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Ivan's Childhood

  • Film
  • 5 out of 5 stars
  • Recommended
Ivan's Childhood
Photo: Courtesy of Shore International

Time Out says

5 out of 5 stars

The Russian front, 1943. A 12-year-old boy (Kolya Burlyaev), soaked and shivering, marches into Soviet headquarters and demands to speak to the top brass. The lieutenant on duty (Evgeniy Zharikov) starts to laugh – but something in the boy’s eyes makes him reach for the field telephone...

Anyone familiar with the dense, monumental later works of slow-cinema pioneer Andrei Tarkovsky (‘Solaris’, ‘Stalker’) might find his 1962 debut, reissued here in a restored print, surprisingly straightforward (not to mention brief, at a mere 92 minutes). The plot is relatively direct, following battle-scarred orphan Ivan and the men who use him – benevolently, but worryingly – to spy on the German forces huddled just across the swamp.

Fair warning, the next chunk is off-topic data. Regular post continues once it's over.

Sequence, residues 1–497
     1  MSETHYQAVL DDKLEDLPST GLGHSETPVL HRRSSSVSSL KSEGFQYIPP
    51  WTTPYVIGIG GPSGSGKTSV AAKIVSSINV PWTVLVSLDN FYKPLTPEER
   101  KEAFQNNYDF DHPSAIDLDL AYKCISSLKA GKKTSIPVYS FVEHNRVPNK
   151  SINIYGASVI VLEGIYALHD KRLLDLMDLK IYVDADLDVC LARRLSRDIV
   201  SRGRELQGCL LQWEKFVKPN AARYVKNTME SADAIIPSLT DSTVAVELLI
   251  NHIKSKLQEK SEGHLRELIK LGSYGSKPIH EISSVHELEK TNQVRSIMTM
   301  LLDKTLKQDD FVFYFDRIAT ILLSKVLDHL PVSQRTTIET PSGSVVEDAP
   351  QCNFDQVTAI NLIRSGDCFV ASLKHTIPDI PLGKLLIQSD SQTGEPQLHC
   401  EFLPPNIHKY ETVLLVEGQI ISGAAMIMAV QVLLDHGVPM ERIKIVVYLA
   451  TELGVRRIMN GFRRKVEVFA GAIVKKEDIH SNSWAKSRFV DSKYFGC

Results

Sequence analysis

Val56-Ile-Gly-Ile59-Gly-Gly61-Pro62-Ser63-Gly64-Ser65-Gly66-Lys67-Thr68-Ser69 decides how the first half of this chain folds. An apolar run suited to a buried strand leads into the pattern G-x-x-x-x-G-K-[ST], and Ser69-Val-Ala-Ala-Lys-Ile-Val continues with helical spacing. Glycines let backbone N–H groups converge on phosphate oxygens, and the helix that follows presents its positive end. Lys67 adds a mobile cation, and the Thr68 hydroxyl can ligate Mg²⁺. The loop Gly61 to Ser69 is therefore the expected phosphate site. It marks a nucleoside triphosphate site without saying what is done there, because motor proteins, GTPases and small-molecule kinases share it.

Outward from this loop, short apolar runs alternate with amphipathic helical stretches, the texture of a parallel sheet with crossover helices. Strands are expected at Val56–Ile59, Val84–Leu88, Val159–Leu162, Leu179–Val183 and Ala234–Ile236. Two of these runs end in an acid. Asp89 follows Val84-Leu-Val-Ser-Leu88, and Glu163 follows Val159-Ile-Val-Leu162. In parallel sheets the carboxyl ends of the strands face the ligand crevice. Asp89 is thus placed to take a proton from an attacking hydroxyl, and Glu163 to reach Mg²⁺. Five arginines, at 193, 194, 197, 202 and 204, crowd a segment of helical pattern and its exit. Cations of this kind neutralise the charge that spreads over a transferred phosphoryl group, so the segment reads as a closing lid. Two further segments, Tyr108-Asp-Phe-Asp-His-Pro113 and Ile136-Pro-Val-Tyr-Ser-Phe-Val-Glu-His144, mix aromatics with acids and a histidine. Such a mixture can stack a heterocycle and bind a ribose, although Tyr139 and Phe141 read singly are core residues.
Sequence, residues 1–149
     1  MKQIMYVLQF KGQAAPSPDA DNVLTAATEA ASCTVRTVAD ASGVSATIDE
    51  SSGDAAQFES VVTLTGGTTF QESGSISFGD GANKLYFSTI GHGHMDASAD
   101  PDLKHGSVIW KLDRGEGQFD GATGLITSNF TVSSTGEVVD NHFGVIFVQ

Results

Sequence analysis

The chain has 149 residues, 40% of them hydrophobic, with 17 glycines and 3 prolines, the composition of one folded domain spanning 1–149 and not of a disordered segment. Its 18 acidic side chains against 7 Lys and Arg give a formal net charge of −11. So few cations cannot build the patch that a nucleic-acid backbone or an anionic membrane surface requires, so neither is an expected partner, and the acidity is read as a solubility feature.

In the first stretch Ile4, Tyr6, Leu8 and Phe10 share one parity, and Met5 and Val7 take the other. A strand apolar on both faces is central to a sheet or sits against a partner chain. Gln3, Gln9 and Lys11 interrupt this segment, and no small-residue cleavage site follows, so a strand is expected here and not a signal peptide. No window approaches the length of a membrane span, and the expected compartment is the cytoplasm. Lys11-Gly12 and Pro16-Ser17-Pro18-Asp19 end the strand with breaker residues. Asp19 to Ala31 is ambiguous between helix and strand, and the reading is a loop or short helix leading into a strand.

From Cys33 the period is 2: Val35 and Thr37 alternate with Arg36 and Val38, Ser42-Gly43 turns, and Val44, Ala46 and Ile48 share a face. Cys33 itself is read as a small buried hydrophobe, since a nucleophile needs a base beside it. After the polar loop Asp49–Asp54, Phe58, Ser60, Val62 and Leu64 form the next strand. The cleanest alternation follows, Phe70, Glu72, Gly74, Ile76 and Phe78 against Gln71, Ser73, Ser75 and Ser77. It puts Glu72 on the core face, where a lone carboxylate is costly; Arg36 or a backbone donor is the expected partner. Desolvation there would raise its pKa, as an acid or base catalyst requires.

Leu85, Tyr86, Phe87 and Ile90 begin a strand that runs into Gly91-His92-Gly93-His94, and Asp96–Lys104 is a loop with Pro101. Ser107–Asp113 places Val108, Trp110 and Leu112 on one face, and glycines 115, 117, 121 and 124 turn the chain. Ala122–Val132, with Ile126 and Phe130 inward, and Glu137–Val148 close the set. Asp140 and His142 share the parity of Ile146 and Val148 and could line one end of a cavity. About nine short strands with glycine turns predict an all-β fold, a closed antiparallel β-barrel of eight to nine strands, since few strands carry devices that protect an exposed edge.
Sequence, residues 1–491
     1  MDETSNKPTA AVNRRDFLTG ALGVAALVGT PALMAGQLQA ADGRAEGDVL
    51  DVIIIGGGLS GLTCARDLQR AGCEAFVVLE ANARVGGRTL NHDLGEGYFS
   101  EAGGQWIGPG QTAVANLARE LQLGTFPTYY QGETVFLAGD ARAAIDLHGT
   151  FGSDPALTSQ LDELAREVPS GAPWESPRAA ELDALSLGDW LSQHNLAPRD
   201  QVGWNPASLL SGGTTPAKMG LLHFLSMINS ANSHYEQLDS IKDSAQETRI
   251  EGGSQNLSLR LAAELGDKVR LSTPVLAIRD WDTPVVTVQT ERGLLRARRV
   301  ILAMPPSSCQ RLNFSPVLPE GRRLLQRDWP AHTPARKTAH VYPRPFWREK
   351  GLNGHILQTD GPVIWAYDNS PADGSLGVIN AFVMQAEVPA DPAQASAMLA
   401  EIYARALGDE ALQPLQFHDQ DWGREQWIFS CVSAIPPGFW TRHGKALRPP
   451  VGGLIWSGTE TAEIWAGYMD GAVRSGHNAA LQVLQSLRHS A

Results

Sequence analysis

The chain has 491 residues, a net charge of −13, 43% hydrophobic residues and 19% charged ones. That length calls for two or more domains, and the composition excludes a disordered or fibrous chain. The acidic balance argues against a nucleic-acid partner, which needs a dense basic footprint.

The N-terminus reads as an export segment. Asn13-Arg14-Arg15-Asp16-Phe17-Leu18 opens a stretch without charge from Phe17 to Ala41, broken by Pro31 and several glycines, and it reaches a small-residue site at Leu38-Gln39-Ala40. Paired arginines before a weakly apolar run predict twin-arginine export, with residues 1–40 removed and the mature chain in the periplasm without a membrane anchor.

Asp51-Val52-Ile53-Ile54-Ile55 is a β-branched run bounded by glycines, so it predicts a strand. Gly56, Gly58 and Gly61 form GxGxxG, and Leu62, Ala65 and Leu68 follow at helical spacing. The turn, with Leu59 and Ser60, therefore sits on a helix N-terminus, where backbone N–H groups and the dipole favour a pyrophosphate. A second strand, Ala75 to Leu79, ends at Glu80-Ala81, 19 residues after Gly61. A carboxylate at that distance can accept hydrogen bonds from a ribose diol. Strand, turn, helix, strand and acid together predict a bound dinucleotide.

But ‘Ivan’s Childhood’ could only be a Tarkovsky film. No other director is simultaneously so precise and so otherworldly, so uncompromisingly bleak and so awake to the possibilities of joy. There’s a shot right at the start, as a dreaming Ivan finds himself lifted off his feet by a gust of wind, that’ll leave you gasping with delight – but by the final scenes, you’ll be inconsolable. Tarkovsky would go on to make grander, weightier, more iconic films, but it’s tough to argue he ever made a better one.

Written by
Tom Huddleston

Release Details

  • Release date:Friday 20 May 2016
  • Duration:95 mins

Cast and crew

  • Director:Andrei Tarkovsky
  • Screenwriter:Vladimir Bogomolov, Mikhail Papava
  • Cast:
    • Kolya Burlyaev
    • Yevgeny Zharikov
    • Dimitri Milyutenko
    • S Krylov
    • Nikolai Grinko
    • Andrei Konchalovsky
    • Irina Tarkovskaya
    • Valentine Zubkov
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